This article's introduction may be too long for the length of the article. Please help by moving some material from it into the body of the article. Please read the layout guide and lead section guidelines to ensure the section will still be inclusive of all essential details. Please discuss this issue on the article's talk page.(May 2015)
Reform means the improvement or amendment of what is wrong, corrupt, unsatisfactory, etc. The use of the word in this way emerges in the late 18th century and is believed to originate from Christopher Wyvill’s Association movement which identified “Parliamentary Reform” as its primary aim.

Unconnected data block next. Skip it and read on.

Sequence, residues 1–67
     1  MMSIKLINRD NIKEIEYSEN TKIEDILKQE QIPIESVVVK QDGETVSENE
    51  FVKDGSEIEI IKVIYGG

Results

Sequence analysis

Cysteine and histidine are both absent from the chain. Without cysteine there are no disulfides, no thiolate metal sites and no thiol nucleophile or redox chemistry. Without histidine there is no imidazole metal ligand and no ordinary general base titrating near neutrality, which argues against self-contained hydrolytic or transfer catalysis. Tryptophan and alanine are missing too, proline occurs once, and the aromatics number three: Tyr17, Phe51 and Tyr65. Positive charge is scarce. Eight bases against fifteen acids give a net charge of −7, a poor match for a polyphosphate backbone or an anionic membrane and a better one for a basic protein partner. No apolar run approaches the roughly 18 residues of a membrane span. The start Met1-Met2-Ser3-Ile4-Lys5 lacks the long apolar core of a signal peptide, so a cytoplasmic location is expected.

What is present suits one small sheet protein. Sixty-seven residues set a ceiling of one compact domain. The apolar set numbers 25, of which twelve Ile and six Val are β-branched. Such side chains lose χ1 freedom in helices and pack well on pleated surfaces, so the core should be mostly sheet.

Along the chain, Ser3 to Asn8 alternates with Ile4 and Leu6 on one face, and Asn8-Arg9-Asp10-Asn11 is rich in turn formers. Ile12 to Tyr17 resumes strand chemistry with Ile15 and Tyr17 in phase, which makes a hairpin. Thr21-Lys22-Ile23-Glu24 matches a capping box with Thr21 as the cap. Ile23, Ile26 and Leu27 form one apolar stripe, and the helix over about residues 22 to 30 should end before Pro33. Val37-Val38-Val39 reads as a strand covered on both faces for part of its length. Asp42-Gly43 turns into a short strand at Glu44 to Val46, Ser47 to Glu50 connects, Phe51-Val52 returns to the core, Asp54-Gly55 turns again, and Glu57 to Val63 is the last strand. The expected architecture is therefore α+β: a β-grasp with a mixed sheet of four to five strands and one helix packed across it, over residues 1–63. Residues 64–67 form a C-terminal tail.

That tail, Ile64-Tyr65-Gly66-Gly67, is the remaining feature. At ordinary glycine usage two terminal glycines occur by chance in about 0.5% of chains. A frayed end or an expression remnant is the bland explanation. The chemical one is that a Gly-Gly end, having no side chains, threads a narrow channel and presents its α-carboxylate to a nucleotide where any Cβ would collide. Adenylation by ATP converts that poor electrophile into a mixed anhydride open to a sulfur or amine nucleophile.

Reform is generally distinguished from revolution. The latter means basic or radical change; whereas reform may be no more than fine tuning, or at most redressing serious wrongs without altering the fundamentals of the system. Reform seeks to improve the system as it stands, never to overthrow it wholesale. Radicals on the other hand, seek to improve the system, but try to overthrow whether it be the government or a group of people themselves.
A note about spelling: when used to describe something which is physically formed again, such as re-casting it in a mold/mould, or a band that gets back together, the proper term is re-form (with a hyphen), not "reform".